8. Even though the year is barely half done, I am pretty sure that this will go down as my biggest disappointment. I, too, wish that JC would go back to writing by herself. My fear is that if the collaboration is even remotely successful it will continue and the true Crusie voice will be lost.

  9. Oh, yes, yes, yes! It was most assuredly a wall-banger, but I resisted because it irritated me so much I wanted to be able to return it unharmed. I didn’t finish it because a) blood pressure and b) I couldn’t have without doing the actual book actual harm. I found enough “you’ve got to be kidding’s” in the first 60 pages to deep six a library, and amongst them were:

    1. I don’t mind keeping a character cheat sheet for books like, say, The Bible or Finnegan’s Wake, but this? I don’t think so.
    2. The five year old kid? I don’t (didn’t) believe in corporal punishment, but this kid changed my mind. And what the hell are adults doing allowing a kid free run of a movie set with all it’s attendant physical dangers (mechanical and human)?
    3. An Army officer takes a part-time job as a consultant and BTW, gets flown to his part-time gig in a USA helicopter (paid for by the US taxpayer). Right. Can Crusie spell “court-martial”? And the “show the coin” bit really let me know she and Meyer knew the inside scoop about special forces. Reminded me of Suzanne Brockmann’s spelling out acronyms every other sentence. Irritating stuff that.
    4. The lead in a movie is going to design his own costume? Only if he’s working for Ed Wood.
    5. A public bridge, a helicopter landing and no FDA involvement? Don’t think so.
    6. What was with the 72 beddings conversation? Just about the dumbest several pages of pure drivel I’ve ever read (and there’s some competition for this particular award)
    7. The hero has a massive hang over and is lusting after another drink? I do believe he needs in-house treatment.
    8. A 20-year old operative for the CIA? I suspect I know Crusie’s politics, but this is purely ridiculous. Not going to happen.
    8. A director dies and a substitute is sent for and starts directing without reading the script? That Ed Wood thing again.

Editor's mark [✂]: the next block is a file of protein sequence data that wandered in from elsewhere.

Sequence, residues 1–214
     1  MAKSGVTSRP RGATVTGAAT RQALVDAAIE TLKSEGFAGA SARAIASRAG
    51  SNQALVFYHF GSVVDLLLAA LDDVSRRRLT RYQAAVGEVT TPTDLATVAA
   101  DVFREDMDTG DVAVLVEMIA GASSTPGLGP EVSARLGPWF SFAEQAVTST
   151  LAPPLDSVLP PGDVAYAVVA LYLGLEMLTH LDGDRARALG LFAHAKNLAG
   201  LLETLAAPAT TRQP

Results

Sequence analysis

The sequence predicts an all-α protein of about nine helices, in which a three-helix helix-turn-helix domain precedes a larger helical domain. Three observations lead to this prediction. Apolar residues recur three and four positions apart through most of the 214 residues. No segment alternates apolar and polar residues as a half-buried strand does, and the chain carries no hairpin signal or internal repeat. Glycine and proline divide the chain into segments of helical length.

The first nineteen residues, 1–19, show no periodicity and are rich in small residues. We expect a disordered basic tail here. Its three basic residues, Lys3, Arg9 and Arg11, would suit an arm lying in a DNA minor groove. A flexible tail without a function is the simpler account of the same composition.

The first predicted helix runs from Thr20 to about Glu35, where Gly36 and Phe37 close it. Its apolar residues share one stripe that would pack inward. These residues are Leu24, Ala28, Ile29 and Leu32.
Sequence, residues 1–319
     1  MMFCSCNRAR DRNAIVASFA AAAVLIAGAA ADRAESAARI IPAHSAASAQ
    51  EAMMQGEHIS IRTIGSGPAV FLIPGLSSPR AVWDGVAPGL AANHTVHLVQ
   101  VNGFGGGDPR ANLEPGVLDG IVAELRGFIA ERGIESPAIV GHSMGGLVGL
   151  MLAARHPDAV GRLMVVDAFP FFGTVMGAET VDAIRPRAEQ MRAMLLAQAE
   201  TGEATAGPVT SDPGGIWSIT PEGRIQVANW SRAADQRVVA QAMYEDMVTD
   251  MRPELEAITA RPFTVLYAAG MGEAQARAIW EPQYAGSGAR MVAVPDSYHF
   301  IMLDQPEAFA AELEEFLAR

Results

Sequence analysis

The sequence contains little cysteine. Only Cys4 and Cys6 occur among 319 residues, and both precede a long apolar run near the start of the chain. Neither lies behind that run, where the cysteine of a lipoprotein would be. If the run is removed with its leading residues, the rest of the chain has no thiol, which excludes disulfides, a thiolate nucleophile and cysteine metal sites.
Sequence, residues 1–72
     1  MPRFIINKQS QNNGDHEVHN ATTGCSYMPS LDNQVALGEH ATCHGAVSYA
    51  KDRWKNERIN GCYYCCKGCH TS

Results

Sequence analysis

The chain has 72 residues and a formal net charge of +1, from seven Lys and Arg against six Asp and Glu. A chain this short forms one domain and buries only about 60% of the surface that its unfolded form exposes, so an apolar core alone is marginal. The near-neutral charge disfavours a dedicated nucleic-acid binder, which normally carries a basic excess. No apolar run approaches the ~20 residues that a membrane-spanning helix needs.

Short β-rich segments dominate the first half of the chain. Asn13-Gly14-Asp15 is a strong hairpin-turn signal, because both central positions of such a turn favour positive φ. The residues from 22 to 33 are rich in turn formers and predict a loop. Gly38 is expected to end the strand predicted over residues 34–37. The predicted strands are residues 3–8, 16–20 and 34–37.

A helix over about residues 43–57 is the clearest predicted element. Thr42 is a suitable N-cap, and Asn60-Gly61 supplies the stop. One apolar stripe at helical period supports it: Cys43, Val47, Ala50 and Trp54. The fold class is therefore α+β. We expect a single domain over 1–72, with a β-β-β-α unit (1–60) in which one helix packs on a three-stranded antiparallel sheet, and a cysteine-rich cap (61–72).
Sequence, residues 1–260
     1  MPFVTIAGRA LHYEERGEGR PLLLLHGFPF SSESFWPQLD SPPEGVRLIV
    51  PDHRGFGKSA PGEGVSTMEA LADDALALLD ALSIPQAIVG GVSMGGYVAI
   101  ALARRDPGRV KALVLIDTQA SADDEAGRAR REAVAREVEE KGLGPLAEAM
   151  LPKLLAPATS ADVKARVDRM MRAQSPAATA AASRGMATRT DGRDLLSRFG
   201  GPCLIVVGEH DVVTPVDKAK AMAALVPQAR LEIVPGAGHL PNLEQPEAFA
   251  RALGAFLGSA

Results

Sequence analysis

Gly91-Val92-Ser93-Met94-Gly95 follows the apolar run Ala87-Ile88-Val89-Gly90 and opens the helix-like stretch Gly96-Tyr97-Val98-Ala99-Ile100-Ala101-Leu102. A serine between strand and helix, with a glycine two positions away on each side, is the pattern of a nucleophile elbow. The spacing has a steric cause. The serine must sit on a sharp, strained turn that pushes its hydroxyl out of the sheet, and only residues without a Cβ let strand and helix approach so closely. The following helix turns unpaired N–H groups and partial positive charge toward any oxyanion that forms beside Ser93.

BTW, Jane, I also loved ALL Crusie’s previous books except that one with “lies” in the title (you know…the back of the Cadillac and the washing dishes with the black underpants one?). Anyway, I’ve concluded that Crusie and Meyer are not Laura London and that book by committee is not such a hot idea.

  10. I think you should have written the review. I can’t tell you how disappointed I was. The romance developed in all of four days and that was after JT just got done fucking (and I use that word intentionally because I don’t see JT ever making love, not even with Lucy) the actress.

    For all Bob Mayer’s previous military experience, none of it showed in this book. It was a sloppy story that had no center, certainly not JT and Lucy. And there was no charm to the story. I always felt Crusie was able to imbue a sense of charm to her characters. Something that made me want to be their friends, to be part of their circle. In this story, I was hoping the helicopter would crash and burn all the characters to ashes.

    I think the only Crusie book I did not like (because I didn’t mind Tell Me Lies) was Strange Bedpersons.

  11. Disappointment is an understatement here. At the first of the year, I made notations on my calendar about who was publishing what when. I had maybe 5 or 6 entries of must buy’s for the entire bloody year. This was one of them. Now I’ve only Mary Balogh to look forward to for ALL of the rest of 2006. Sigh.

    But there was some good news coming out of this book. She thanked Judith Ivory for her help in writing the five-year old brat’s binoculars thingie, so I’m extremely hopeful this indicates that JI is well and writing again (oh, please, please, please romance angels–make it so).